Thrash com H


quarta-feira, 22 junho, 2022 por Txuca

Minha versão digipack dupla remasterizada comemorativa (2011) de “Dehumanizer” (1992) tem no encarte entrevista de Tony Iommi a Dom Lawson, da Kerrang!, contando sobre bastidores do disco.

São 8 páginas, muita coisa, pinço uns trechos aqui:

On that particular album we went through a lot of different stages, though. First of all we had Cozy Powell playing drums with us, because he had been with me on the albums that we did with Tony Martin. Ronnie wanted to use his drummer Simon Wright and I said ‘Why don’t we have Cozy‘, but Ronnie wasn’t sure. He said ‘I’ve worked with Cozy before…’ and I knew they’d had a few dealings in the past where they didn’t get on, but I thought we could still give him a try. They’d fallen out before and when we got back together it was much the same and they didn’t see eye to eye on a lot of stuff! It was a strange situation. In the end, Cozy couldn’t do it because a horse fell on him and he broke his pelvis, but we were already well into writing the album at that time


‘We couldn’t use Cozy, so the obvious thing to do was to ask Vinny Appice’, states Iommi. ‘I didn’t know how that would end up, because Ronnie and Vinny had had a falling out too! But that was a great thing. It worked out great, getting Vinny back, and we went into rehearsals and started playing and the songs started to come eventually’.


‘It was a difficult time for us’, recalls Iommi. ‘We were writing a lot of stuff but it was getting rejected and none of us were completely happy. We were a good writing team but at that point it was a little bit hard, because we were trying to get Ronnie to stop singing about rainbows! That was his thing and it came to the crunch and we said ‘We don’t want any more rainbows in the songs!’ It needed to be darker. Geezer wrote Computer God, which Ronnie really liked, and we went from there. But it was a little difficult, making that album. When we started working on it, we all wanted to make it a powerful album, as we always do. It always depends on what you’re coming up with, of course. You need good riffs and good changes, but it did take longer than usual. It was hard time for Sabbath generally, but nevertheless we did it’.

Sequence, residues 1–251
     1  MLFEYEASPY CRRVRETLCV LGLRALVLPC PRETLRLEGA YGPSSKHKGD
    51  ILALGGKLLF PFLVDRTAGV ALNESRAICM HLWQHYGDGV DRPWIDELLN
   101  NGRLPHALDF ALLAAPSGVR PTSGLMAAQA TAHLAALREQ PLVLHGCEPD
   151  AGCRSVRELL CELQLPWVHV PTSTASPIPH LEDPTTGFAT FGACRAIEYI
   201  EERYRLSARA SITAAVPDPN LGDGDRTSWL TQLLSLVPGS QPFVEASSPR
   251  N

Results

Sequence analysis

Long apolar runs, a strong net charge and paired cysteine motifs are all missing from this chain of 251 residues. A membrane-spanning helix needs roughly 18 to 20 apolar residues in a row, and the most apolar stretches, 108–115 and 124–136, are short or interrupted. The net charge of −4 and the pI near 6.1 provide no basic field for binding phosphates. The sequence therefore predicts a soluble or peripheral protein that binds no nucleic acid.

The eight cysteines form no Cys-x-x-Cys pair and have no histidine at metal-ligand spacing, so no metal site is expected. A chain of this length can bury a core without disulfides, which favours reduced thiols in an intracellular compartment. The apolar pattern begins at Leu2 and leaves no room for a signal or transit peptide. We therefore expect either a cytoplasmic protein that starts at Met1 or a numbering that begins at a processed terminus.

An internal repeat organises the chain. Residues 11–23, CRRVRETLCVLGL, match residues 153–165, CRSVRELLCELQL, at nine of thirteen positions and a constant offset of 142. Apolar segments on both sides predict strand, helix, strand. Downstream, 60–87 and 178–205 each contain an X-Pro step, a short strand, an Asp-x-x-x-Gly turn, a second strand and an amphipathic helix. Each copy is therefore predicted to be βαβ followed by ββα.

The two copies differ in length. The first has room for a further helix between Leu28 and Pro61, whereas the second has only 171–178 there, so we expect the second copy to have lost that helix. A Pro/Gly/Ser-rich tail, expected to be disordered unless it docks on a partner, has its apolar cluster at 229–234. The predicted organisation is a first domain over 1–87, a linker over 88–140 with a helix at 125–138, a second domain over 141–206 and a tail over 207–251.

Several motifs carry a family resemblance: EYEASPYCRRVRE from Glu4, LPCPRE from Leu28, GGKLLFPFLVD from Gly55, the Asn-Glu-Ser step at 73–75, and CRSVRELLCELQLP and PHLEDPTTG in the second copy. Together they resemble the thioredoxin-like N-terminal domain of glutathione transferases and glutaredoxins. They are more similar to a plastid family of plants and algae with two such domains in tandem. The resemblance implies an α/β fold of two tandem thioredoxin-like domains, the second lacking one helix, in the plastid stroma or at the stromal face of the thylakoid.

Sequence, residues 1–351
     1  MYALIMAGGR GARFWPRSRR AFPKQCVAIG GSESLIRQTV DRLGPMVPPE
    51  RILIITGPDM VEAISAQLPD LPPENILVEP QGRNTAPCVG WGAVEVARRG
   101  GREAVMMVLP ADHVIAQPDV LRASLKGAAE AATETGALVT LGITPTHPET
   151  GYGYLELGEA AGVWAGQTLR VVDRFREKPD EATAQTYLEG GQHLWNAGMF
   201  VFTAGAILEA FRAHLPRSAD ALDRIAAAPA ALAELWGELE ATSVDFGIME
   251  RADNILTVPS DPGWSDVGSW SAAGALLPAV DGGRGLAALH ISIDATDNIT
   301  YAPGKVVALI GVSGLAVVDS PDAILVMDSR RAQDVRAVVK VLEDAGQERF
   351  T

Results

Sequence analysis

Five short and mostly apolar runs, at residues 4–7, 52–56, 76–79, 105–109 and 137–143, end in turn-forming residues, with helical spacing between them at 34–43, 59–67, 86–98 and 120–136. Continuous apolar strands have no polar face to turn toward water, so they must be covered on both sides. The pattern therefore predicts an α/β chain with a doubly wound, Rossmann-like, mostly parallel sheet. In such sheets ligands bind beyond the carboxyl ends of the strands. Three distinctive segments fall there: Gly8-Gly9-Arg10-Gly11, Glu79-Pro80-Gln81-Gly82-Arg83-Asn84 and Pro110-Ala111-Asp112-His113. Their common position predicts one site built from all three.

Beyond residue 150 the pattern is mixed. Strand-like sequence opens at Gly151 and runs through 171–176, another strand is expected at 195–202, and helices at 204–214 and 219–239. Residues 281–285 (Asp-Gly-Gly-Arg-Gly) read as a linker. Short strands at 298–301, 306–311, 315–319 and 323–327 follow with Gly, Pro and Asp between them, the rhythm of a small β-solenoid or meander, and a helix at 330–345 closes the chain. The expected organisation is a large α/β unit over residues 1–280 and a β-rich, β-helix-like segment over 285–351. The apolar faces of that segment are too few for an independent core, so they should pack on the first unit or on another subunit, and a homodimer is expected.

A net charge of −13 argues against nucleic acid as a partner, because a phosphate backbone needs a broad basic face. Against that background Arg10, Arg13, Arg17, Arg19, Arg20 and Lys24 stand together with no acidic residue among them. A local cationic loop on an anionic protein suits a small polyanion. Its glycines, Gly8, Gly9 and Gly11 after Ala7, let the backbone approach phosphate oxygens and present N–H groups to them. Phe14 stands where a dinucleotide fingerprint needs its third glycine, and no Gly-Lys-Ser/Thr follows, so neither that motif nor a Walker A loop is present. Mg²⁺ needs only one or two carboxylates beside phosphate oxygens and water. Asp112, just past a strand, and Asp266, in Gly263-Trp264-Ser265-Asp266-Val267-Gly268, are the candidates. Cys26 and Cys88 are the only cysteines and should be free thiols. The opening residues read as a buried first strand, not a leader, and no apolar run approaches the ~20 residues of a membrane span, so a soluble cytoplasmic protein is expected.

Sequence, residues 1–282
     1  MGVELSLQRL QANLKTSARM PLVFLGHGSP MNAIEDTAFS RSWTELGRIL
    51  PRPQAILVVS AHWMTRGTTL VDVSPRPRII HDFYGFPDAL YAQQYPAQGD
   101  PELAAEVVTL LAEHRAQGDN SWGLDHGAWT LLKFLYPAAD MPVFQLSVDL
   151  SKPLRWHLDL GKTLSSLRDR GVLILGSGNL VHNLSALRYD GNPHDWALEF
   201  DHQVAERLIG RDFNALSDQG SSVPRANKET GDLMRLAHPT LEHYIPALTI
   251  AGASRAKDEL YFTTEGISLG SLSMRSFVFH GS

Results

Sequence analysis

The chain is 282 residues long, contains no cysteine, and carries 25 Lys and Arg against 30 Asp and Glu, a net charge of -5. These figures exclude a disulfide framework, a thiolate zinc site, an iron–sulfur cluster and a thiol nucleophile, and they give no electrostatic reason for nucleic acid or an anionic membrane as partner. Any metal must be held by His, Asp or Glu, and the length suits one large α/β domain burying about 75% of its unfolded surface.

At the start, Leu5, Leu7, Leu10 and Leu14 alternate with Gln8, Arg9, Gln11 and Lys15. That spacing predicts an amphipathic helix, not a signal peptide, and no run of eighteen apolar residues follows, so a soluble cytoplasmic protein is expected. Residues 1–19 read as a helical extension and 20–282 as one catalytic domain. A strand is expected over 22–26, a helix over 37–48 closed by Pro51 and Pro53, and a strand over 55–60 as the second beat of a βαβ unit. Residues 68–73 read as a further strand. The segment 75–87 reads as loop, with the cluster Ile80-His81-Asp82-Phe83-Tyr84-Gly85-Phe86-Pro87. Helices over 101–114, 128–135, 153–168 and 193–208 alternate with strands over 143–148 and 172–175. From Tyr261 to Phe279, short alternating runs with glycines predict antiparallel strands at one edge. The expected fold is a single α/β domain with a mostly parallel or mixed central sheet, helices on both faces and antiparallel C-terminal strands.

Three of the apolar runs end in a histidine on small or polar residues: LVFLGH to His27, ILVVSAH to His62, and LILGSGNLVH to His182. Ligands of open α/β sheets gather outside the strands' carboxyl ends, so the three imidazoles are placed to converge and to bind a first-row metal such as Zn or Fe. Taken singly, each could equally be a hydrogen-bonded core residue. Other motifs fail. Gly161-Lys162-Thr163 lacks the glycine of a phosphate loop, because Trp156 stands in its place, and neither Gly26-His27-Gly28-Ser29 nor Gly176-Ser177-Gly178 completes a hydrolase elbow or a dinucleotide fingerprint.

Although the songs on Dehumanizer are all strong enough to suggest that there was nothing too much wrong with the state of the working relationship between the four Sabbath men, the reality of the situation at Rockfield was that the volatiltiy and frictions that had derailed the line-up after Mob Rules were still a spectral presence in the air that constantly threatened to bring the whole project to an abrupt conclusion“.

E por aí vai…

3 respostas

  1. märZ

    “We don’t want any more rainbows in the songs!”

    – Hahahahahahaha!

  2. Marco Txuca

    Imagina o cagaço e o desgaste. Bastidores realmente tensos, e q a entrevista toda desmistifica a aparência de “nice guy” do duende. Estava tretado com Cozy Powell e com Vinny Appice. Ué.

    Agora, imagino Dio pensando “vou escrever sobre o quê?”. Geezer tinha feito “Computer God”, e até onde lembro “After All (the Dead)” tb é dele (tá na autobio de Iommi), assim como “Master Of Insanity”, q foi duma Geezer Butler Band efêmera oitentista.

    Só seguir Geezer – aliás, letrista majoritário na era Ozzy – e foi o q Dio teve q fazer.

  3. André

    Esse acidente do Cozy me lembrou um ator que perdeu um olho depois de entrar dentro de um guarda-roupas com um cavalo. Bizarrice.

    Essa do “we don’t want any more rainbows in the song” foi foda kkk

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